Lightning Foundation Grant Spotlight: Children's Heart Foundation
On April 23, the Lightning Foundation awarded grants to 16 local organizations totaling $120,500 at the Community Awards and Donor Recognition Reception. Grant applicants were asked to detail their organizations and give a proposed program or project, along with a description of how it qualifies under the Lightning Foundation's funding guidelines. The Foundation's Board of Directors selected the 16 organizations.
Tampabaylightning.com is profiling each of the organizations and the grant they received. Check back daily for a new organization and see how the Lightning Foundation is truly fulfilling its mission to make Tampa Bay a better place to live, work and play.
Children’s Heart Foundation
One of the Lightning Foundation's primary missions throughout the Tampa Bay community is to provide funding for medical research and treatment. In keeping with that mission, the Foundation awarded a continuing grant to the Children's Heart Foundation.
The overall goal of the Children's Heart Foundation is to bring health, hope and happiness to millions of children and families who are impacted by congenital heart defects. They hope to accelerate the pace of research and awareness as well as improve the quality of life and longevity for patients.
The grant funds awarded by the Lightning Foundation will help complete medical research for the Congenital Heart Disease Multi-Societal Database Project. The goal of the project is to create a Universal Encyclopedia for definitions of pre-operative risks and post-operative complications. It is hoped that, through this research, doctors and surgeons, not only throughout the country but throughout the world, will have a common database of terminology about congenital heart defects, procedures and complications. With everyone being on the same page, so to speak, it will make it easier to learn about, and better treat, congenital heart defects in the future.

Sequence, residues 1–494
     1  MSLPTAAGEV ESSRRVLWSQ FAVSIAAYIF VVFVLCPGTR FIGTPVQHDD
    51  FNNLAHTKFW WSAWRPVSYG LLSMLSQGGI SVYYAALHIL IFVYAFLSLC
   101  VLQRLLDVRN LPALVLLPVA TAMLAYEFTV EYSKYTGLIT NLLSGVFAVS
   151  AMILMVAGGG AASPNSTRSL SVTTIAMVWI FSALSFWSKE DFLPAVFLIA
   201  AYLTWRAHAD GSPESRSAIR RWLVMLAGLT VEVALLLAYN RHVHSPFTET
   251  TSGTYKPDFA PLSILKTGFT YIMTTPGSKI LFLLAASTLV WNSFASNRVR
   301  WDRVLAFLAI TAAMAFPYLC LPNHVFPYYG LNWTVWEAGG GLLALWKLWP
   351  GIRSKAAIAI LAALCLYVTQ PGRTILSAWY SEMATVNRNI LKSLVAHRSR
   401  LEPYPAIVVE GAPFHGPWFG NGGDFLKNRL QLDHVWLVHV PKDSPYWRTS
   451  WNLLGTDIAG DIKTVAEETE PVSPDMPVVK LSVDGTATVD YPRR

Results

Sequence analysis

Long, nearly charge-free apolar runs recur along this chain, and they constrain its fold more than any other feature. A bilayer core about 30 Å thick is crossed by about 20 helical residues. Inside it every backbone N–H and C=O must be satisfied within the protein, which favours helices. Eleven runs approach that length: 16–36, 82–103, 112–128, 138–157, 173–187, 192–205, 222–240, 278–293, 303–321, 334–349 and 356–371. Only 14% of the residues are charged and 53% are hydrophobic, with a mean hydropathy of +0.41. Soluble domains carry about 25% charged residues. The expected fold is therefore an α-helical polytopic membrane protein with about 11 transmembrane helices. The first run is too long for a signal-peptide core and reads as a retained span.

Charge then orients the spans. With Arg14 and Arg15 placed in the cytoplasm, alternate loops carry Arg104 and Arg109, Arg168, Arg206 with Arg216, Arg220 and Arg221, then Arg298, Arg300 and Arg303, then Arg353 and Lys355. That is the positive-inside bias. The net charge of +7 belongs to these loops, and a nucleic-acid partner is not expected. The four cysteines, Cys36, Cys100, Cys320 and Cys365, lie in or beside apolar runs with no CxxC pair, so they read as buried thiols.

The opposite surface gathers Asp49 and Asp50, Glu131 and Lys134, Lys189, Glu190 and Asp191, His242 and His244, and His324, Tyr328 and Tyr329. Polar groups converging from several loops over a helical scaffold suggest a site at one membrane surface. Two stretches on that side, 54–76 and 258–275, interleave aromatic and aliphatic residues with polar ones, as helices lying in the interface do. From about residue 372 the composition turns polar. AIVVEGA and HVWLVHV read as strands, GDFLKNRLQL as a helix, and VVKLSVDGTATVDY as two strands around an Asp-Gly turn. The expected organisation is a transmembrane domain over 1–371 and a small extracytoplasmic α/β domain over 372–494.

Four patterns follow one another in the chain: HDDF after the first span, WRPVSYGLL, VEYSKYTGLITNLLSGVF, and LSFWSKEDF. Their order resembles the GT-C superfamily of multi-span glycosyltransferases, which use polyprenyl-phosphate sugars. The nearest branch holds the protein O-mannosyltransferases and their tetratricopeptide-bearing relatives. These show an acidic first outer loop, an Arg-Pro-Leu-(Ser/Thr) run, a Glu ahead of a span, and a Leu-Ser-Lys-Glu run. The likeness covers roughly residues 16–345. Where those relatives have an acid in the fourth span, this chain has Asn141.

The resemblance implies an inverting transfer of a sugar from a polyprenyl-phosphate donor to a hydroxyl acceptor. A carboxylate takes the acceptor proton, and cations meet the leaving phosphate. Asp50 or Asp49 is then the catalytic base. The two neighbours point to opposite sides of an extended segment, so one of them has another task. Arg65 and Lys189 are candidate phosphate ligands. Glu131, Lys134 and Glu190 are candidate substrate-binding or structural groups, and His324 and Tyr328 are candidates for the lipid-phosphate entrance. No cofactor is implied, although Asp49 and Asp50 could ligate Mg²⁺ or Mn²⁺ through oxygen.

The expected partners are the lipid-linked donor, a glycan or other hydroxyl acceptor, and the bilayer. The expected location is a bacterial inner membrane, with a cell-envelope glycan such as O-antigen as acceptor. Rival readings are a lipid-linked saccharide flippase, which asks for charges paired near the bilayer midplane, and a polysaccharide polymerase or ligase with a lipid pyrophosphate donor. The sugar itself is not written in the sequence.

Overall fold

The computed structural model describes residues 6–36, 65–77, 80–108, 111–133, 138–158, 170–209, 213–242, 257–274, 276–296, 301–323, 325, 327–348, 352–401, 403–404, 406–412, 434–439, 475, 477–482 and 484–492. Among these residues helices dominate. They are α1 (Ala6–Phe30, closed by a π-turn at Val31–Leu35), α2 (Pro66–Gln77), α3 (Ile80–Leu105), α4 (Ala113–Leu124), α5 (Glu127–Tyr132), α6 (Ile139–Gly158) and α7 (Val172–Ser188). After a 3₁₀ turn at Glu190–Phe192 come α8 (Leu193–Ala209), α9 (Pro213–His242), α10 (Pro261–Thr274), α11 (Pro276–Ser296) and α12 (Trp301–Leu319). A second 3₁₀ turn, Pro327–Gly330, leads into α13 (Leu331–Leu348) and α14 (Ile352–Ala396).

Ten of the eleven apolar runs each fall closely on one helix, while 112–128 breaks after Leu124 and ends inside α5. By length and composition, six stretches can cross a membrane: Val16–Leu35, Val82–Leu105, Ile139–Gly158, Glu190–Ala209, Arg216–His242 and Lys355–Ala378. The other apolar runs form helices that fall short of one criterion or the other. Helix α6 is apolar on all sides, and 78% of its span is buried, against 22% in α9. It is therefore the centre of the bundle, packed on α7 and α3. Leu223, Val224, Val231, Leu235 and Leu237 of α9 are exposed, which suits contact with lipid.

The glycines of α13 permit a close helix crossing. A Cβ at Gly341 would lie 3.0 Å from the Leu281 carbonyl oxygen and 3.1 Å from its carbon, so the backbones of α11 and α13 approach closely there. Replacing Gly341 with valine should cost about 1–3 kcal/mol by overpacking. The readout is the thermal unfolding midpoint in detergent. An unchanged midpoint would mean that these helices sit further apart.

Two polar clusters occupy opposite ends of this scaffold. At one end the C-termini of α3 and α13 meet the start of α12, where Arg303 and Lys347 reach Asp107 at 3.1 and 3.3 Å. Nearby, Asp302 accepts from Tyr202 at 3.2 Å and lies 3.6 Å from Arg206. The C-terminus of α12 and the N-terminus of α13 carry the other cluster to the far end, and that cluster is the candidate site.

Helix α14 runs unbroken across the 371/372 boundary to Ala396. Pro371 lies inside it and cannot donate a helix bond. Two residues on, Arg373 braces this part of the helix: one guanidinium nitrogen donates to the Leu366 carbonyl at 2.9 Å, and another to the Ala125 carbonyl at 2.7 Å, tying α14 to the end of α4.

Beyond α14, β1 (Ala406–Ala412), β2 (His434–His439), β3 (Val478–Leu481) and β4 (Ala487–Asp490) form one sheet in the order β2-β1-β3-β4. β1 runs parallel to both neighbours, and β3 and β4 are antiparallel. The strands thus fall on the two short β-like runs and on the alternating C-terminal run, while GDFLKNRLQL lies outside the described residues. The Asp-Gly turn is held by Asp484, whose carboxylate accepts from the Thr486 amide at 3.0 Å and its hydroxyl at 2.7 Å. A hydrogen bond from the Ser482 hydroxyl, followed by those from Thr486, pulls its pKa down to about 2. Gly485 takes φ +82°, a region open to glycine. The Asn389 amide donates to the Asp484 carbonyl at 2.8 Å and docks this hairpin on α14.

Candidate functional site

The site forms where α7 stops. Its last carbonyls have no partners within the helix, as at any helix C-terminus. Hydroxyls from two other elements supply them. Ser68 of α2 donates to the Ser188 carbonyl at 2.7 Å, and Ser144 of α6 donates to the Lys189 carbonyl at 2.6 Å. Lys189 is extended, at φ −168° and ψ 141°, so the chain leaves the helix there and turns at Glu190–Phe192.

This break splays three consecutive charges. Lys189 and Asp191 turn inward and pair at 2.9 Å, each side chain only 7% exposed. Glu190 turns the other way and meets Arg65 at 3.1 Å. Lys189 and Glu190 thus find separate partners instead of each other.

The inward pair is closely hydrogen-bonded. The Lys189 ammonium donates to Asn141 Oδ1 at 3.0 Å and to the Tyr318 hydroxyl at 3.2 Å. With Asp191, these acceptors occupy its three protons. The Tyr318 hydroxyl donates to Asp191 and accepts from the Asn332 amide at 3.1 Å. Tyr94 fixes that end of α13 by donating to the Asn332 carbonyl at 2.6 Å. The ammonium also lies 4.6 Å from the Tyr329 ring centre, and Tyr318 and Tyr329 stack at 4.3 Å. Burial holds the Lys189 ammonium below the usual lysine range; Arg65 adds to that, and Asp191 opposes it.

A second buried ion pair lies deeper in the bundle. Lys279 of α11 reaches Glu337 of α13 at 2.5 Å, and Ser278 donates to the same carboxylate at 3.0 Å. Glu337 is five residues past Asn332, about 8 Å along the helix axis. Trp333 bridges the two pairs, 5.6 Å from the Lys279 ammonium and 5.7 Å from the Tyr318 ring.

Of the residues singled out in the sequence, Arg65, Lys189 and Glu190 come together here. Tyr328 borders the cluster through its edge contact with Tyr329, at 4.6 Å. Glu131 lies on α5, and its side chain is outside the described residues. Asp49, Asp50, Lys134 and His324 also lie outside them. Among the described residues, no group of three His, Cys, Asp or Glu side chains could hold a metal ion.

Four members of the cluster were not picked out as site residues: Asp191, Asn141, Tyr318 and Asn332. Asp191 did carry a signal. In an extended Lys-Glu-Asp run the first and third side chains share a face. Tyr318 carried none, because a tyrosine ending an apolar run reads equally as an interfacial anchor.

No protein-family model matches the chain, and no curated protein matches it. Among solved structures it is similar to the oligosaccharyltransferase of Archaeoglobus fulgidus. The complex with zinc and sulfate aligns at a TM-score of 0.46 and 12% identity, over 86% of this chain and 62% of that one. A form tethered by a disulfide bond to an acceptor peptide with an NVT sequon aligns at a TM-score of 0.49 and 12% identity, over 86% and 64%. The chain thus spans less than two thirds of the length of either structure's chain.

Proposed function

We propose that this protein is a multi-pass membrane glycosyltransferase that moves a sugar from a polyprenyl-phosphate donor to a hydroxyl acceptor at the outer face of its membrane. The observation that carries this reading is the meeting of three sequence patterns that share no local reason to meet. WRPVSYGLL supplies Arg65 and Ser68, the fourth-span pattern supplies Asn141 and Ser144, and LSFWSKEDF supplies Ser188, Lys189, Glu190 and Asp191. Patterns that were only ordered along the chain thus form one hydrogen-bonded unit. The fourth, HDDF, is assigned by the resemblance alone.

The Florida chapter of the Children's Heart Foundation, based in Tampa, is funding the ground-breaking research that is being conducted by Dr. Jeffrey Jacobs, lead investigator at All Children's Hospital.
"What he's doing is defining terms to make it easier to surgeons and physicians to identify the risks involved with congenital heart surgery," said Ellen Weiss, director of grants and advocacy at the Children's Heart Foundation. "He is defining the risks, so there are common names to talk about the risks involved and to talk about the complications and the outcomes."
Weiss said that as many as one in 100 children suffer from heart defects, but the problem is not talked about as prominently in society as she feels it should be. Many people don't realize how common heart defects in children truly are, she said, because the defect is internal and there are no outward signs like a scar or hair loss.
"We're just trying to get the word out that heart defects are prevalent in children and are extremely deadly," she said.
Weiss said having physicians and surgeons worldwide using the same terminology will go a long way in helping treat and prevent post-operative complications, and she stressed the importance of Dr. Jacobs' work.
"It's a really big, global project that he's working on, so we're thrilled that the Lightning have seen the importance of this and have funded us both last year and this year," she said.
"We're proud to be partnering with such an organization that is so prominent and well-respected in the community."
The encyclopedia is set to be finished and published by the end of this year.